Africa’s health experts, meanwhile, warned that the crisis in India would soon be replicated across its continent. “We don’t have enough health workers, we don’t have enough oxygen,” warned John Nkengasong, director of the African Centers for Disease Control and Prevention. It is among the band of lower-middle-income countries where deaths have increased the most in recent months, growing by 400%, according to Observer analysis of seven-day averages.
The numbers in some of these countries are likely worse than reported due to less developed health surveillance systems, said Krutika Kuppalli, assistant professor of infectious diseases at the Medical University of South Carolina.
“Some of these resource-limited countries don’t have the capacity to test and report as well, so it has been said that countries in the global south have not been as affected, but there has always been some skepticism about their surveillance and reported rates. “, He said.
In India, some experts have accused the authorities of a significant lack of information. Murad Banaji, a mathematician who has extensively modeled India’s Covid-19 pandemic, said the death toll in India was likely at least three times higher than official figures.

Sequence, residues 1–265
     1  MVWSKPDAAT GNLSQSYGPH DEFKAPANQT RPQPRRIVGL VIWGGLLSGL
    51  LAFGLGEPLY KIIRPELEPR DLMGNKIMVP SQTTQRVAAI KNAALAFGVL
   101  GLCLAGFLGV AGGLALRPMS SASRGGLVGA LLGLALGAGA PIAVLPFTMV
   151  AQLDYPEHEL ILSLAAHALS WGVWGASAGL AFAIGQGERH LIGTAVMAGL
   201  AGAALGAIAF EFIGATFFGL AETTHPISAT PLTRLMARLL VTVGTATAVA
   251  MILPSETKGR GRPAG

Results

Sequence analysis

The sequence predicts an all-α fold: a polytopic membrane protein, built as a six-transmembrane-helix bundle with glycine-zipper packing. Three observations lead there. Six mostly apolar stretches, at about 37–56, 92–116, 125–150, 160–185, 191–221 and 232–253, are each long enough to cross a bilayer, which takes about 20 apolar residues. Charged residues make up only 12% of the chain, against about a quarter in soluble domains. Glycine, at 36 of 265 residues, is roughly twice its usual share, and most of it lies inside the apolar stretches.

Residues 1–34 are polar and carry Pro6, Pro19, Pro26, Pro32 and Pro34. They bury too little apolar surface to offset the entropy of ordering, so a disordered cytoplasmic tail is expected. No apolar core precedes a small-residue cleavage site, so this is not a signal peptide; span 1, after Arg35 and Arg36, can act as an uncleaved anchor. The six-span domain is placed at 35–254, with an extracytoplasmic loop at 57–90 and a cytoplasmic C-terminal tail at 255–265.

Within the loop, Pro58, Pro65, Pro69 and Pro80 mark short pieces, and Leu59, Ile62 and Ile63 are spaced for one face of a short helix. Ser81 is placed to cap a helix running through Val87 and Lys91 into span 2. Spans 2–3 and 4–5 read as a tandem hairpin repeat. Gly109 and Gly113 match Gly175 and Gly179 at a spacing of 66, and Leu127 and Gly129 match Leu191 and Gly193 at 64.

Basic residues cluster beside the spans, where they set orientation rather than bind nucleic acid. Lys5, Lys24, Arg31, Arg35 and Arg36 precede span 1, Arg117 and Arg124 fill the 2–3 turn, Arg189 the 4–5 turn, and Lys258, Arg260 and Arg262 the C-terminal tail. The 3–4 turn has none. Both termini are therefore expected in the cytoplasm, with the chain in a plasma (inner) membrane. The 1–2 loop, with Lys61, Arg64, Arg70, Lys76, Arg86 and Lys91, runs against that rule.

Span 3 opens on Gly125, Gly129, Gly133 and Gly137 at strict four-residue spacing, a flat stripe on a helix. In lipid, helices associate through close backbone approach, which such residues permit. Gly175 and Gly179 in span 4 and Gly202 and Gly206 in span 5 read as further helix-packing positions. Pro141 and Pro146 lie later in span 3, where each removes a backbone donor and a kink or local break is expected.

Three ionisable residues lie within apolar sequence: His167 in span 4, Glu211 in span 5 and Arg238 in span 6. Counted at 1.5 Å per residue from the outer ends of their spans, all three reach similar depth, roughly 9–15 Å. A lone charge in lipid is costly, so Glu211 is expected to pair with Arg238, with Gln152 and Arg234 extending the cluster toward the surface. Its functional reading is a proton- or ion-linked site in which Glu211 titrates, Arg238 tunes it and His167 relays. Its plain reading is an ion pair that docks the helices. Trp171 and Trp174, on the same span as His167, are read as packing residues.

For example, Banaji has found that in Mumbai, for every Covid-19 death that was recorded, there was one excess death not designated as caused by Covid. “Not all of those excessive deaths may have been from Covid-19,” explained Banaji. “But from what we can gather from international data and studies, they most likely were.”
The scope of the growing global crisis was emphasized by David Nabarro, professor of global health at Imperial College London and envoy of the World Health Organization on Covid-19. He told the Observer that people in many countries were facing serious problems caused by Covid-19, including Nepal and Bangladesh, as well as India, East Asian countries including Indonesia and Papua New Guinea, as well as nations in other regions, including Latin America, the Caribbean and the Middle East.
“It is really unsatisfactory that a billion doses of vaccines have been administered and that the vast majority of them reach the arms of people in rich settings. This bias in the distribution will directly affect the loss of life in places where the vaccine is not available. “
Other world health experts attacked the UK government for making significant cuts in its foreign aid at a time when it had never been so urgently needed. “This means that we are reversing all the progress that has been made over so many years on many diseases of poverty, such as malaria,” said Professor Trudie Lang of the University of Oxford.
“The reduction in British foreign aid is tough. Critically important scientific programs have been canceled and it will be very difficult to recover and rebuild this vital research capacity. “
Baroness Liz Sugg, who resigned as minister after the aid cut was announced, agreed: “With the virus escalating in some of the poorest parts of the world, it is the worst possible time for the UK to reduce our support to the vulnerable maximum. It is clear that the cuts will make it more difficult for countries to respond to the Covid-19 outbreak, as we are seeing the closure of health centers and the cancellation of drinking water programs.
George is Digismak’s reported cum editor with 13 years of experience in Journalism